Surprised but impressed, Lee complimented Bill Clinton on the efficiency and economy of his tailors. “Not at all!” replied the American president. “You see, the farther you travel from Singapore, Mr Lee, the smaller you become.”

I was told that the story was posted on the Internet and read and repeated widely. But knowing Singaporeans, I would not be at all surprised if one of them — they are a people with an unsuspected mischievous sense of humour — posted it himself. The internet plays havoc with closed or excessively deferential societies. It has made nonsense of Singapore’s bilateral agreement with Malaysia that one country’s newspapers should not circulate in the other. A high Singapore official who imported a number of expatriates to revitalize the net may have been hoisted with his own petard when they set up the Singapore Internet Company which promptly created a website called “Not the Straits Times Forum”.

The joke is that “Forum” is the title of the paper’s letters to the editor page — the new website gleefully publishes masses of letters that the Straits Times supposedly rejected as being too bold or liberal. Again, I would not be at all surprised if many of these iconoclastic letters were deliberately created for the internet, and also, perhaps, to give the conformist Straits Times a bad name.

Conformism is unfashionable. As southeast Asia rebuilds again after the economic crash of 1997, it is discovering virtue in toppling all the old gods.

The Thais are boldly accusing Thaksin Sinawatra, a telecom tycoon and the most hopeful prime ministerial candidate for the December election, of concealing his vast wealth in a series of fake trusts.

In Indonesia, the lawyer representing 37-year-old Hutomo (Tommy) Mandala Putra, Suharto’s favourite son, says that his client has been in jail for the last 18 months, unknown to anyone. Tommy and his five siblings are accused of extensive fraud involving hundreds of billions of dollars. The most revolutionary development is that their 79-year-old father, Suharto, revered for so long as the saviour of the nation, can avoid facing trial only by pleading one illness after another.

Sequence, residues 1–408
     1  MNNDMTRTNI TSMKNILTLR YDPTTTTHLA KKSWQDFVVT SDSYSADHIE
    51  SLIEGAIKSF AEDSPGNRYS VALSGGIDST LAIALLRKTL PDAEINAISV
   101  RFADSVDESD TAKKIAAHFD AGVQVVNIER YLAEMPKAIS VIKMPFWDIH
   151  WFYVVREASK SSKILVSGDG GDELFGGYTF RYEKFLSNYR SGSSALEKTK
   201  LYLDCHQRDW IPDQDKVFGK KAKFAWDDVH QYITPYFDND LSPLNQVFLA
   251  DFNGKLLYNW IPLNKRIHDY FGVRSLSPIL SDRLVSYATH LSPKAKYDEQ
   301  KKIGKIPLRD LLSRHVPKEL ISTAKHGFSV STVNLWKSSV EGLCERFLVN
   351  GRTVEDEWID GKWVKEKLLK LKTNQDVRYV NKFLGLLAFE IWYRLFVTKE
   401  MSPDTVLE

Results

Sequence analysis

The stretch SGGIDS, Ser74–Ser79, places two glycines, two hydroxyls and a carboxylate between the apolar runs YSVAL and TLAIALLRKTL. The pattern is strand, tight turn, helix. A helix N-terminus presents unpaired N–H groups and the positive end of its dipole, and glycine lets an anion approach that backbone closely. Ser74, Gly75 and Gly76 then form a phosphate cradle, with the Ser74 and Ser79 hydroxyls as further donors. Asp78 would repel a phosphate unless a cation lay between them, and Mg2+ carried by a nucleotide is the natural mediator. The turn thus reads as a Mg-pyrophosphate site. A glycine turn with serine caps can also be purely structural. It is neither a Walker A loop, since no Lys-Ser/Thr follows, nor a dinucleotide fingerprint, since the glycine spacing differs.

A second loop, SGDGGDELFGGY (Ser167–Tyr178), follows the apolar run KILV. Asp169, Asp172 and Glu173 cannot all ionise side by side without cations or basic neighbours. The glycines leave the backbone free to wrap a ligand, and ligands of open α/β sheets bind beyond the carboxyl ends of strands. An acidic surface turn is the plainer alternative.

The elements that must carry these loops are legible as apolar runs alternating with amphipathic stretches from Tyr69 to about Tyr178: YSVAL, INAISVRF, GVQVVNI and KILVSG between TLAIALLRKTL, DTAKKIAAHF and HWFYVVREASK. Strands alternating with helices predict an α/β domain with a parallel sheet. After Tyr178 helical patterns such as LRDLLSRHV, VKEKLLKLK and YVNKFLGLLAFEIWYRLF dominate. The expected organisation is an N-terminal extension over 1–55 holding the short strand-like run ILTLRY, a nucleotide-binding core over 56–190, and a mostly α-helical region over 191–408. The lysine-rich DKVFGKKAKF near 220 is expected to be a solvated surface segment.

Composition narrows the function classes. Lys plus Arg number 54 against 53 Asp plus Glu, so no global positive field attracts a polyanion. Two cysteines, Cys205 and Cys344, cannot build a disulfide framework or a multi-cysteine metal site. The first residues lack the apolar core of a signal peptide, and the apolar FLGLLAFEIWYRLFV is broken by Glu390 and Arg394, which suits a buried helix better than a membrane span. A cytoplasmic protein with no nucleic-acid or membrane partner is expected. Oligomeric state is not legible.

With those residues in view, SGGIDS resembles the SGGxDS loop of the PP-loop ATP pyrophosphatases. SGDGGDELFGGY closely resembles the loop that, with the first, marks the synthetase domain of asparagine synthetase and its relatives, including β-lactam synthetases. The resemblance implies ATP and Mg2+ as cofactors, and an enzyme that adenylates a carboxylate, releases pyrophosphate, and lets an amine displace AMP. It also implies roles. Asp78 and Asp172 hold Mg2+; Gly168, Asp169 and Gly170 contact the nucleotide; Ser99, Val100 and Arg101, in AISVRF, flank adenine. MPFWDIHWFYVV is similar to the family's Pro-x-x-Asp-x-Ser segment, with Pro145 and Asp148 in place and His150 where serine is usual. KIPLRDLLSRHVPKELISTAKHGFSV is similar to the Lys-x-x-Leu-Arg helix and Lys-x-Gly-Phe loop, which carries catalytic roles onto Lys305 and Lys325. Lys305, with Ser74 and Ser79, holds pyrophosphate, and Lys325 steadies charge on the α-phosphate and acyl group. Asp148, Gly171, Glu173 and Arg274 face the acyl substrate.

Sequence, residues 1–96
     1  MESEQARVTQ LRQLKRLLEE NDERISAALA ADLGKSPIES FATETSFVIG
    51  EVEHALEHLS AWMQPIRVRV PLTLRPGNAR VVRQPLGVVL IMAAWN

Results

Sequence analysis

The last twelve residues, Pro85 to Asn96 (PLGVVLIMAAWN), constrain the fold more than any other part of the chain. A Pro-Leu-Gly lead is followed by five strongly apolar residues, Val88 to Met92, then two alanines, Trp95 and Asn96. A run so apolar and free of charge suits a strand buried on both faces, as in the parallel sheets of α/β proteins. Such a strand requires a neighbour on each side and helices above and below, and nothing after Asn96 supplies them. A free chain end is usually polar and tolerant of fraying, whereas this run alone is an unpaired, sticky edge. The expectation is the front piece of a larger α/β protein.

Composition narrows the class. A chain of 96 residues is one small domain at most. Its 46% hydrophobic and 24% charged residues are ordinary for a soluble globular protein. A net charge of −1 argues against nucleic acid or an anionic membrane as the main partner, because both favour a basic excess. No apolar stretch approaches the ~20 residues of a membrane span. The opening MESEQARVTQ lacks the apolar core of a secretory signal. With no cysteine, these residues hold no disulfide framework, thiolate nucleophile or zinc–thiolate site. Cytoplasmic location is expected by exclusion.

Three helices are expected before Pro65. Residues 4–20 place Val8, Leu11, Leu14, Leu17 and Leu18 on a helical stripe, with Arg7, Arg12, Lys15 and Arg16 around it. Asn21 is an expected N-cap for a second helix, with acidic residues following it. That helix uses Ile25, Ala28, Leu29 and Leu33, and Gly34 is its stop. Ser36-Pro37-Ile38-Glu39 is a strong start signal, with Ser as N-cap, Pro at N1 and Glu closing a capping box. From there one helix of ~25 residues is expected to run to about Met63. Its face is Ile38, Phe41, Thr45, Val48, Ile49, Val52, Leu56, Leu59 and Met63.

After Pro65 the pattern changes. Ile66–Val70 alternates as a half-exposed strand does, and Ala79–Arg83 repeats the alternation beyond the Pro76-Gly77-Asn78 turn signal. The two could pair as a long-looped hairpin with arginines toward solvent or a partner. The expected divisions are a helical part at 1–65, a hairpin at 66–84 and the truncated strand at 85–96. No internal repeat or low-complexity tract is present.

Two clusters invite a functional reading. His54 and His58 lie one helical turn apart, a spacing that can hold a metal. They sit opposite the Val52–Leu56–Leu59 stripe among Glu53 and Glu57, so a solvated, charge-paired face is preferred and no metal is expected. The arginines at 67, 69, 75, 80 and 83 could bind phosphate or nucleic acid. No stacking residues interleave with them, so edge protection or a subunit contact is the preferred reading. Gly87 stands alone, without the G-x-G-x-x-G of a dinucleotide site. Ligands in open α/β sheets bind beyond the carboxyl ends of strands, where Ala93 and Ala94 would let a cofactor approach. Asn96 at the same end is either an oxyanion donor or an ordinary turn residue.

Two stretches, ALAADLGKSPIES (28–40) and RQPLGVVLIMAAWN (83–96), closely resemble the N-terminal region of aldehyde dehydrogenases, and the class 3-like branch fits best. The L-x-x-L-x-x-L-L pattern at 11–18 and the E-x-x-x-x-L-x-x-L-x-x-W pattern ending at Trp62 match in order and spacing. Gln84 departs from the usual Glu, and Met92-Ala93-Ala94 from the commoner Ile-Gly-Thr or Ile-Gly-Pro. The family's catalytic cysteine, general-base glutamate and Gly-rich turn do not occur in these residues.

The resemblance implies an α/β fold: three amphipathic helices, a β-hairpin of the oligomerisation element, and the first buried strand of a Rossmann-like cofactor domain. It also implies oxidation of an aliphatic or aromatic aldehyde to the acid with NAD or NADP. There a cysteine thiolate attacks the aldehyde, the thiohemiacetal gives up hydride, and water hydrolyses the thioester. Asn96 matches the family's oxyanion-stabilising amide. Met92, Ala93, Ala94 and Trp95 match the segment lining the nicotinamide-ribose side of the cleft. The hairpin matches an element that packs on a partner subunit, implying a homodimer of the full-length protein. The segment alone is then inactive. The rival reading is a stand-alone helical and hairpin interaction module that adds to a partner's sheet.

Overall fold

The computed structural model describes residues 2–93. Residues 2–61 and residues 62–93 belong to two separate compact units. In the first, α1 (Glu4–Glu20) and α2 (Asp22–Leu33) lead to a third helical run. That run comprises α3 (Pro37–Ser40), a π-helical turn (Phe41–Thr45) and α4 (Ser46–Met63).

A Malaysian journalist, Hoo Ban Khee, associated editor ofThe Star, is not afraid to complain openly that “the same coalition government has been in existence” since the country became independent in 1957, only changing its name from time to time. Hoo also admits that Mohamad Mahathir’s commitment to the flamboyant multimedia super corridor and, therefore, to allow cyber news to run free will eventually have a profound impact on political thought and media operations.

Why do I bring Marx and Engels into all this? Because it is not often remembered that both were convinced votaries of the free press. “The censored press has a demoralizing effect,” wrote Karl Marx. “It is potentiated evil, from which hypocrisy is inseparable, and from this fundamental evil flow all its other weaknesses.” Engels wrote in August 1882, “You simply must have a press in the party which is not directly dependent on the executive and the party congress, i.e., which is able within the programme and the accepted tactic to oppose without fear individual party steps and...freely to expose to criticism the (party) programme and the tactics.”

Few southeast Asian rulers would have permitted such heresy when fortunes rode high and the miracle seemed everlasting. “We no longer believe in that miracle,” Singapore’s personable young nominated member of parliament, Simon Tay, regarded by many as the voice of responsible liberty, told a seminar on media and democracy organized by the Asian Media Information and Communication Centre earlier this week.

“We have seen property and currency bubbles burst in our faces. We have come to recognize the corruption and cronyism in so many of our elites and their dealings. We have come to see the faces of the poor, the children, women and others, who have been marginalized in the process of development. In this context, the first and most important change in the Association of Southeast Asian Nations region is the rise of democracy.” That was Simon’s verdict.

Soon after the crisis when I wrote that the future might see the region’s “soft authoritarian” states replaced by liberal regimes, there were bitter protests all round. Loudest of all were the Americans and Europeans in the region who accused me of wishing to visit the chaos of India or the lawlessness of Chicago on the orderly ASEAN countries. But all that is changing. “In the broader region of Asia, this shift towards democracy can add to the democratic examples in India, Japan, South Korea and Taiwan,” Simon, who describes himself as a committed democrat who was not democratically sent to parliament, told the seminar. “For the first time in history, potentially, the balance of the region’s countries will be democratic.”